South Africa

Weary Leinster and Munster stars ready for final Lions auditions

We enter the realm of trying not to repeat ourselves. Rugby fatigue will evaporate come kick off at the RDS on Saturday but nobody could possibly stomach another root and branch analysis of Munster shortcomings. Or more about Leinster holding the Indian sign over them.

The collapse of the Rainbow Cup hardly comes as a surprise. It never sounded like a good idea. In theory, sure, but in reality the ‘what if’s’ were endless. We know the Bulls, Stormers et al are marching north and the Springboks will inevitably follow, but this summer was always going to be a stretch.

The South Africans craved the competition so they can be primed for the Lions Test series.

So, there goes another loose plan.

This being their fifth meeting since August, Leinster versus Munster reminds me of Rocky V. Not the one where Dolph Lundgren kills Apollo Creed. The next one where ‘Rock’ appears to be suffering from early onset dementia or CTE – “the effects are irreversible” says the neurologist – but fight on he must after Paulie gambles away millions of dollars.

After failing the Head Injury Assessment and return to play protocols, Rocky challenges Tommy Gunn to a brawl in an alley. The street fight provides an entertaining crescendo to the film but, with next to nothing on the line, nobody is going to remember who hit who.

It is, however, an ideal spectacle for my old coach Warren Gatland. The Lions squad permutations temporarily halt a moan about the Leinster v Munster franchise’s falling from a crammed Croker (Rocky II) to an empty Ballsbridge.

But just like 2009, the players will not lack for motivation.

Here’s what we think we know. Robbie Henshaw and Tadhg Furlong are touring South Africa in June/July. There is a spot for James Ryan, if he recovers from concussions. If not, Iain Henderson will go. Both may end up making the cut alongside Alun Wyn Jones and Maro Itoje.

Another head injury could leave Johnny Sexton’s Lions hopes in the balance. Photograph: Ryan Hiscott/Inpho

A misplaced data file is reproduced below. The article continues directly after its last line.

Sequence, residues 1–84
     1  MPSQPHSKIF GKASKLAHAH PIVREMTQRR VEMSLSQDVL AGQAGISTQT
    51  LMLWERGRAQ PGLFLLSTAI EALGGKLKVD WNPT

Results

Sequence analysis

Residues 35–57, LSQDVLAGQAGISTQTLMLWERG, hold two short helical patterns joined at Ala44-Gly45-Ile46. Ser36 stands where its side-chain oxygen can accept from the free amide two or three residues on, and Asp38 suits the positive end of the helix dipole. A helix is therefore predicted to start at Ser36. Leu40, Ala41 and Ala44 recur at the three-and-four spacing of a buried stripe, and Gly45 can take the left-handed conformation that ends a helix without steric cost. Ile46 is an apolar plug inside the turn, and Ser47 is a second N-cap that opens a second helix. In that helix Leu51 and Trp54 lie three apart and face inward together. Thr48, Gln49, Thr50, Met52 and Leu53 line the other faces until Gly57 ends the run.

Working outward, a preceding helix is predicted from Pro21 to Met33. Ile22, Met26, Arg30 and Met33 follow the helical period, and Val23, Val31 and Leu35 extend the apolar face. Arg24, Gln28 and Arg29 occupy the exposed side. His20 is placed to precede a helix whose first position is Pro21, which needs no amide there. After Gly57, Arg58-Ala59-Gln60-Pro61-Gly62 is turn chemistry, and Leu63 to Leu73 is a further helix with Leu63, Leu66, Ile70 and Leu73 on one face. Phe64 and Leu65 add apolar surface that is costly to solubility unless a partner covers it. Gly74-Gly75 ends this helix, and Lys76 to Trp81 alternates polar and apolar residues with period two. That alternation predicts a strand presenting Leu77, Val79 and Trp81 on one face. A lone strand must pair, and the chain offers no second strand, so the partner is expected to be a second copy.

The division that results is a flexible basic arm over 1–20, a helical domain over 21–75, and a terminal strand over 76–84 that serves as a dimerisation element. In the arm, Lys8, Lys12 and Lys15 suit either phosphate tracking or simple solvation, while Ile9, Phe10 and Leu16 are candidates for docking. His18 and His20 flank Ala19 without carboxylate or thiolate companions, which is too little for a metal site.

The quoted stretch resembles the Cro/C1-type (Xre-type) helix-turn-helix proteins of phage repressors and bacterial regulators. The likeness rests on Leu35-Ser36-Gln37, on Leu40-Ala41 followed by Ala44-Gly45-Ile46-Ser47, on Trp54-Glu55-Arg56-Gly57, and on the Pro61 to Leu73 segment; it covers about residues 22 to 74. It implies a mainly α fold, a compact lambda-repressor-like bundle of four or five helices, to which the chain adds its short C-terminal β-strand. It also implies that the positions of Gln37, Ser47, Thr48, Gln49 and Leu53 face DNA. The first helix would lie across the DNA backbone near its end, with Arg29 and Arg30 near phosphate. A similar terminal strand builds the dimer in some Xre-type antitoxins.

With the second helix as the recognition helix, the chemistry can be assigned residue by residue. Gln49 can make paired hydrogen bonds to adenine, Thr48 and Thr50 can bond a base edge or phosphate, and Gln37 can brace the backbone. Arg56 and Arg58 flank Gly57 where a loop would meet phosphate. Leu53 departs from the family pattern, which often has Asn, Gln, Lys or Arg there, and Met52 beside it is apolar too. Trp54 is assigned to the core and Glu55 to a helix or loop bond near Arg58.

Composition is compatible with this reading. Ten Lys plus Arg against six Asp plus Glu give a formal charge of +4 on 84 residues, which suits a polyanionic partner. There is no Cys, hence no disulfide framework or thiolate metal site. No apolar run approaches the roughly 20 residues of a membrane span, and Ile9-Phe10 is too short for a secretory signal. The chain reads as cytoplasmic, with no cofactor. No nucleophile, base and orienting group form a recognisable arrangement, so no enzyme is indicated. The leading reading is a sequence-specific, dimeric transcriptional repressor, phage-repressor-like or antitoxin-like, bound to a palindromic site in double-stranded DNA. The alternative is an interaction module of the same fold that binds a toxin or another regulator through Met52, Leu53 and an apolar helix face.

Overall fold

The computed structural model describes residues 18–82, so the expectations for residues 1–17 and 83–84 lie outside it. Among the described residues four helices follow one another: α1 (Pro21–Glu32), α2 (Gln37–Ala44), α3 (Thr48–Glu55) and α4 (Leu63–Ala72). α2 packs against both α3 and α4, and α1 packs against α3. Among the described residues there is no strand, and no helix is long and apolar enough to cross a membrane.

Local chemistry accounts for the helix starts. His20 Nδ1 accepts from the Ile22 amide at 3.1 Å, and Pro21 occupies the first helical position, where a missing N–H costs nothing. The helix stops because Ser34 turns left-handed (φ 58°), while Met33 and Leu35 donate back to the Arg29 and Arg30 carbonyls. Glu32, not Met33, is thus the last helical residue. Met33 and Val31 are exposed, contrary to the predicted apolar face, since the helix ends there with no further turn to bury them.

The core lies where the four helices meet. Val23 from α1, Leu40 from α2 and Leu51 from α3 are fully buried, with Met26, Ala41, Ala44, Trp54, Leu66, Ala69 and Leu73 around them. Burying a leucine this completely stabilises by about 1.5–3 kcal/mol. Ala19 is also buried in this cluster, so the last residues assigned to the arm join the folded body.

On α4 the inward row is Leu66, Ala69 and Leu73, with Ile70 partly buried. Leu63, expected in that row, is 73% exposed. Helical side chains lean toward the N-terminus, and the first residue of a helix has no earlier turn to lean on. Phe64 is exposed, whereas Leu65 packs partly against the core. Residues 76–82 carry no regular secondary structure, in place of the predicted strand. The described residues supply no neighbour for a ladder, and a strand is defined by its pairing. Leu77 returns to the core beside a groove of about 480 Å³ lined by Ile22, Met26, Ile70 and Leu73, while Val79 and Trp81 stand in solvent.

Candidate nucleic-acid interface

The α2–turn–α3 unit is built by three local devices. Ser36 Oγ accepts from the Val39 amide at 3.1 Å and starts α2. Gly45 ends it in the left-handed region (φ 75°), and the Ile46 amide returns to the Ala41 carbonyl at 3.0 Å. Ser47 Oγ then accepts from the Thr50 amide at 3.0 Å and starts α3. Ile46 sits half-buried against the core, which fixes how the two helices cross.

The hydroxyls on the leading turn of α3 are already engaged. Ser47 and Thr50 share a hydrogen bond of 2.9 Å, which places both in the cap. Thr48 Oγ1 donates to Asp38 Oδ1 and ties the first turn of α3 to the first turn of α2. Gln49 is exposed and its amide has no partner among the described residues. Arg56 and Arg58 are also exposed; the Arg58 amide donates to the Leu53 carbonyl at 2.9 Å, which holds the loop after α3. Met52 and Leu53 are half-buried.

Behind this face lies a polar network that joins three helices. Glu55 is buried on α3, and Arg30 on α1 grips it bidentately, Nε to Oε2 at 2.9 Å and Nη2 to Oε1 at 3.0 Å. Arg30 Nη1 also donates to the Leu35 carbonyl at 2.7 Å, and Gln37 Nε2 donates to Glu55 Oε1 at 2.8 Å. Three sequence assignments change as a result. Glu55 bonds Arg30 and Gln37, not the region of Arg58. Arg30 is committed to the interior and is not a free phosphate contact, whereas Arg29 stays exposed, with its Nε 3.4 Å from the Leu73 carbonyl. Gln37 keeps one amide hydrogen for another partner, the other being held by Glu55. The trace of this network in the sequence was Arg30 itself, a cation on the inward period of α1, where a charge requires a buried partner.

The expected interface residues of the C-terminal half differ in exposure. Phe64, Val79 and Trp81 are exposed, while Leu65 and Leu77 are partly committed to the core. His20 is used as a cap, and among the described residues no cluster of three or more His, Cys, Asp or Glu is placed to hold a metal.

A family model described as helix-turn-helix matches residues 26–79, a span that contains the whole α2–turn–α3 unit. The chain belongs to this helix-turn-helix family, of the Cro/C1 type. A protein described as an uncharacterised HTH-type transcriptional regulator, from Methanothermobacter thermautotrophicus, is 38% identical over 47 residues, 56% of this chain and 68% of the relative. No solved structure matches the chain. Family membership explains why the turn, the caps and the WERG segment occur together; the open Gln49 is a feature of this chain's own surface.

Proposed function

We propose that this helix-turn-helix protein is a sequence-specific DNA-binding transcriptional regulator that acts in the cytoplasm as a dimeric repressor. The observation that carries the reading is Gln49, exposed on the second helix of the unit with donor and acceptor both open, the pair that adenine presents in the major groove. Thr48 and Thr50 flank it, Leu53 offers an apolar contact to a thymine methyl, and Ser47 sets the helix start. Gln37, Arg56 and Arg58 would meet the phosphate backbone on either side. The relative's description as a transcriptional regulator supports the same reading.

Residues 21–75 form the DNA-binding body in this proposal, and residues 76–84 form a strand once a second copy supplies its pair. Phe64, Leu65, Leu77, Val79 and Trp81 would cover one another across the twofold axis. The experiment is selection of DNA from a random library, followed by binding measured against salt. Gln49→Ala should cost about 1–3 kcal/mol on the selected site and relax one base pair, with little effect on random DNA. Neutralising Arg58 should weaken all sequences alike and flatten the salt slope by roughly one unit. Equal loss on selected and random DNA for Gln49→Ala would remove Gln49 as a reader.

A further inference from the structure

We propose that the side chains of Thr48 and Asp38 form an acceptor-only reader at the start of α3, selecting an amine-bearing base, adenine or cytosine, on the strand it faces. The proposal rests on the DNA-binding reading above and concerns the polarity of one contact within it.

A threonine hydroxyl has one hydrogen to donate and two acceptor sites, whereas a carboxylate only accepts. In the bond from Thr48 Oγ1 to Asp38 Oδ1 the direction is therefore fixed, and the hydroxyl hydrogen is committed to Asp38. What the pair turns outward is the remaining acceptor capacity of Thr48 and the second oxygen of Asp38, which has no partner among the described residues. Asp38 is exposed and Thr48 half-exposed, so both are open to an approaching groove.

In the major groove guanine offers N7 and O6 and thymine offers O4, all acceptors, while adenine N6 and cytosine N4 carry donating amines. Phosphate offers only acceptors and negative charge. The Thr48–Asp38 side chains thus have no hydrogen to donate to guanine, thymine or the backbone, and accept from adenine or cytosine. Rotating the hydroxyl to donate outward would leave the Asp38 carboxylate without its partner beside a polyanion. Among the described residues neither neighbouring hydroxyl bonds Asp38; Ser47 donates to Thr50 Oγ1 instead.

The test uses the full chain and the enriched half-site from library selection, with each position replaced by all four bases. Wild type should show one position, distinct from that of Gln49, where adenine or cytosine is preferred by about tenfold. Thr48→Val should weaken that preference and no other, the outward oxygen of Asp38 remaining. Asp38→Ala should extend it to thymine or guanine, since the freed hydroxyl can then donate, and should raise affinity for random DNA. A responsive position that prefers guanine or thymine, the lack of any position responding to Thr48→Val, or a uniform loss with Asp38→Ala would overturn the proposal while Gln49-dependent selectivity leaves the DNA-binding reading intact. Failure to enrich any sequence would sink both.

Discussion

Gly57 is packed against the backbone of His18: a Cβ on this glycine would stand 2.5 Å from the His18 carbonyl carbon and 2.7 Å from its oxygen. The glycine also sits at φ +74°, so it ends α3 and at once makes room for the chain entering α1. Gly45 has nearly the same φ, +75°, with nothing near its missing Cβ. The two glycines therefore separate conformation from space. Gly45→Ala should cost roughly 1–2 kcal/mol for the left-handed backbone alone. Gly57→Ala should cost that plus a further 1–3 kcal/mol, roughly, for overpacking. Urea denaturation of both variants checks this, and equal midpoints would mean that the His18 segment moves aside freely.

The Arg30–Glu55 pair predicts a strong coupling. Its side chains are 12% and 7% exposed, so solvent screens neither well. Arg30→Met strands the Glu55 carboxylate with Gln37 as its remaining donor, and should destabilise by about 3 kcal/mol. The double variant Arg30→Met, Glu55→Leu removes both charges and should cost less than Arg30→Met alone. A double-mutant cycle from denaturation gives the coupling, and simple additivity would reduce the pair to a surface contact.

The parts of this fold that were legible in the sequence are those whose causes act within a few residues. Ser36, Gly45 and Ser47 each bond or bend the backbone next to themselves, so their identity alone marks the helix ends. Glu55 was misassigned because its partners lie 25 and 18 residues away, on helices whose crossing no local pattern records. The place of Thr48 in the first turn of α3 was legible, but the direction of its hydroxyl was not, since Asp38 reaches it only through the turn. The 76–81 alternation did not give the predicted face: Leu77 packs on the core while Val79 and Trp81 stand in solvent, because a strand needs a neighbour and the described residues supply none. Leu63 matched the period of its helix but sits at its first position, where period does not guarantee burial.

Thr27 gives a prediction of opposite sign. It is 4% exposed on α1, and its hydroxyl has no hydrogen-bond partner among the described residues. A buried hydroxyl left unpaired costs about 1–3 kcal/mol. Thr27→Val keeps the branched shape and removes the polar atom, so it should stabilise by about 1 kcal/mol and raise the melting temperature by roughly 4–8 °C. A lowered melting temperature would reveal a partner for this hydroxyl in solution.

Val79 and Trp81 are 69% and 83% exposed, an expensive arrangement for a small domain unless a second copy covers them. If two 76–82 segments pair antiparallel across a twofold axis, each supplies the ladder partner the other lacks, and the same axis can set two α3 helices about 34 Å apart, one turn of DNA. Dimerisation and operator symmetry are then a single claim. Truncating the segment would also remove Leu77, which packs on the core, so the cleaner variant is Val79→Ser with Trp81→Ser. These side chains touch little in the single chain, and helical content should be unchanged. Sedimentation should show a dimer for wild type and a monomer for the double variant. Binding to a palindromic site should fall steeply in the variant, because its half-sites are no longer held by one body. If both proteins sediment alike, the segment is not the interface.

Conor Murray is another certainty, mainly because Danny Care appears to be his main competition. Johnny Sexton’s chances are up in the air. Gatland cannot forget how Johnny picked apart the All Blacks in 2017, and those short side raids against Exeter were a timely reminder how he can manipulate the best defences. Still, the risk of taking such a brittle outhalf must be a constant debate among the selectors.


As a bolter, Joey Carbery would need to light the RDS up on Saturday. He knows that Leinster is the worst place to come when you are trying to prove a point. They are experts at neutralising threats, like Tadhg Beirne over the ball and Carbery in the Pro 14, so this is the only opportunity to prove he is a better touring option than Finn Russell.

I’d say Rassie Erasmus would be happy with Russell at 10 on the High Veldt. Or Sexton for that matter. Owen Farrell is the favourite and perhaps Marcus Smith’s face might fit better than George Ford.

For the Munster pair, Saturday is the last chance at the ultimate career send off

Gregor Townsend will have a big say.

I see no Irish backrowers in the red jersey. Not with Sam Simmonds forcing his way into the reckoning alongside Toby Faletau, Billy Vunipola, Tom Curry, Sam Underhill, Justin Tipuric, Ben Earls and with the Scottish pair Jamie Ritchie and Hamish Watson playing so well.

Unless something happens in the latest Rocky movie, Caelan Doris is behind the eight ball after concussion wiped out his Six Nations. Jack Conan, Josh van der Flier, Rhys Ruddock, Peter O’Mahony and CJ Stander all have an opportunity to storm past their rivals.

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